So when is a Police Constable not PC? When the police force has issued even more guidelines of how to address people, or how to refer to the time of day. Or not, as the case may be - apparently it may cause confusion for "different cultural backgrounds" if you bid someone a "Good Afternoon".
Codswallop, Tishposh, Baloney and Tripe. I'm sorry. But it is. And I know that the beginning of this sentence sounds like some American legal firm. Sorry for that too.
I can understand not asking for a Christian name. I'm not Christian, and I wouldn't be upset if someone asked me for my Christian name, but I can, just about, understand that rule. I don't necessarily agree with it, but I can understand it. We don't need rules and regulations for every single little thing. There should still be some room for common sense.
The one thing that I have been left thinking about is names in general, and in particular, what do you call your patients?
Do you call all male patients "sir"? Really? Even the six year olds?
Do you call all female patients "madam" or "ma'am" or "miss"? Really? Even the really scared ones?
I know that if someone calls me "sir" it means one of the following. Either I've been knighted by Her Majesty, no-one told me about it and I've missed the Investiture, or someone is trying to sell me double glazing. I hate it. Don't call me sir.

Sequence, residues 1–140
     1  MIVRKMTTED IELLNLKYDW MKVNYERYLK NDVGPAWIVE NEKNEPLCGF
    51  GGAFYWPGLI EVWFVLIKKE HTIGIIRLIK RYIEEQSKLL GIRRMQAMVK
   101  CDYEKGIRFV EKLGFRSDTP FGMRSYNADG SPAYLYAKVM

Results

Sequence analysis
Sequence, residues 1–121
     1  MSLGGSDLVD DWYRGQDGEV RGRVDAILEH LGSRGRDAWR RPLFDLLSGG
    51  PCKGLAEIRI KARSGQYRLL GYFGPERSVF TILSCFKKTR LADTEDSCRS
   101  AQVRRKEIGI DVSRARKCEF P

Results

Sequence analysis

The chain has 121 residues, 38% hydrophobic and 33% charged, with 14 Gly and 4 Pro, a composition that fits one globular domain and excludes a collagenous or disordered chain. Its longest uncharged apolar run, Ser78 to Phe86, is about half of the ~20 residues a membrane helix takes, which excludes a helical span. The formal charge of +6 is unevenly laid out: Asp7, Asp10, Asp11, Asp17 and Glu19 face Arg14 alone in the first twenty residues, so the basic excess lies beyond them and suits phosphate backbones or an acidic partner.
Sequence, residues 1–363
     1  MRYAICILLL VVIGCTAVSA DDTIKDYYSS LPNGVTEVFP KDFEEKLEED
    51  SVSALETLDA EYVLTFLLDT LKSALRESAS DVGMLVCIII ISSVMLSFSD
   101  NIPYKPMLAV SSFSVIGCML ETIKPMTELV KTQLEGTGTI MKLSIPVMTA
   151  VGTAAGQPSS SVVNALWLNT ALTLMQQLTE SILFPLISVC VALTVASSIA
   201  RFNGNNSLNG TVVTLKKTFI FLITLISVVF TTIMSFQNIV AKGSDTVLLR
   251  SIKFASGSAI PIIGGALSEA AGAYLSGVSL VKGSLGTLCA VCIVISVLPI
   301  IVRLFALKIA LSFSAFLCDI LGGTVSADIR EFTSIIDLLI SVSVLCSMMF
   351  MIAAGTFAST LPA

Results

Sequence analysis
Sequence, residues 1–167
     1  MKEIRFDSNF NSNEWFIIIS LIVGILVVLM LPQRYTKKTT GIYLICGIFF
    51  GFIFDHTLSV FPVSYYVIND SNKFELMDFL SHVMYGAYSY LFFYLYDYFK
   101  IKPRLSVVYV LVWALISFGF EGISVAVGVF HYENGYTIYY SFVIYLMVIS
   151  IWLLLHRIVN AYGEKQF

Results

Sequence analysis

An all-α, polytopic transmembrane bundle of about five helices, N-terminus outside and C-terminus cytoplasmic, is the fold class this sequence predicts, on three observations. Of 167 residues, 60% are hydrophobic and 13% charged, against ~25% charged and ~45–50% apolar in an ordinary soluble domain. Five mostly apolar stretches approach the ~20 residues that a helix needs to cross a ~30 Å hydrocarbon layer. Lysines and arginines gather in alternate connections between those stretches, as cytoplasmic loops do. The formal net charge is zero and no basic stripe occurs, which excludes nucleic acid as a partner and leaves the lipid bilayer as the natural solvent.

If you call me Mr. M, I am equally as uncomfortable. Either I'm talking to one of my kids' teachers, who are trying to balance the tightrope of officialdom, distance and the personal touch, or I'm meeting the bank manager for another review of my ever-growing overdraft.
My parents were kind enough to give me a first name, so please use it.
I know that this isn't the case for everyone. I know there are many people who prefer to be addressed as Mr. SoAndSo, or Mrs. WhatsHerName, and they are entitled to that courtesy. The Rules say that this is how everyone should be addressed.
No room for manoeuvre, no room for the personal touch.
I think that this is what aggravates me the most. I disagree that calling people by their first names is unprofessional. Sometimes I find that it's just what they need to hear. Admittedly not ALL (ahem) our calls are life-threatening, and not at every given moment is either the patient or their relative in great distress, but if they are, then I think that addressing them by their first name, or whatever other name they choose, has a calming effect.
It portrays that we can walk that tightrope. Be professional at all times, and yet have the personal touch that shows you can empathise, sympathise and treat as necessary.
If, for example, Jill Greaves, was trapped in an upside down car after a high speed RTC, I'm sure she'd rather hear the strange multitude of voices saying "Don't worry, Jill, we'll have you out of the car and in the warm as soon as we can", rather than "Mrs. Greaves, we understand your concerns and are aware of your predicament, so we are undertaking your rapid extrication from the vehicle".
So what do YOU call your patients?
I vote for common sense.
I vote for asking your patient how they would like to addressed.
And I vote for bidding your patients Good Afternoon. But only if it really is.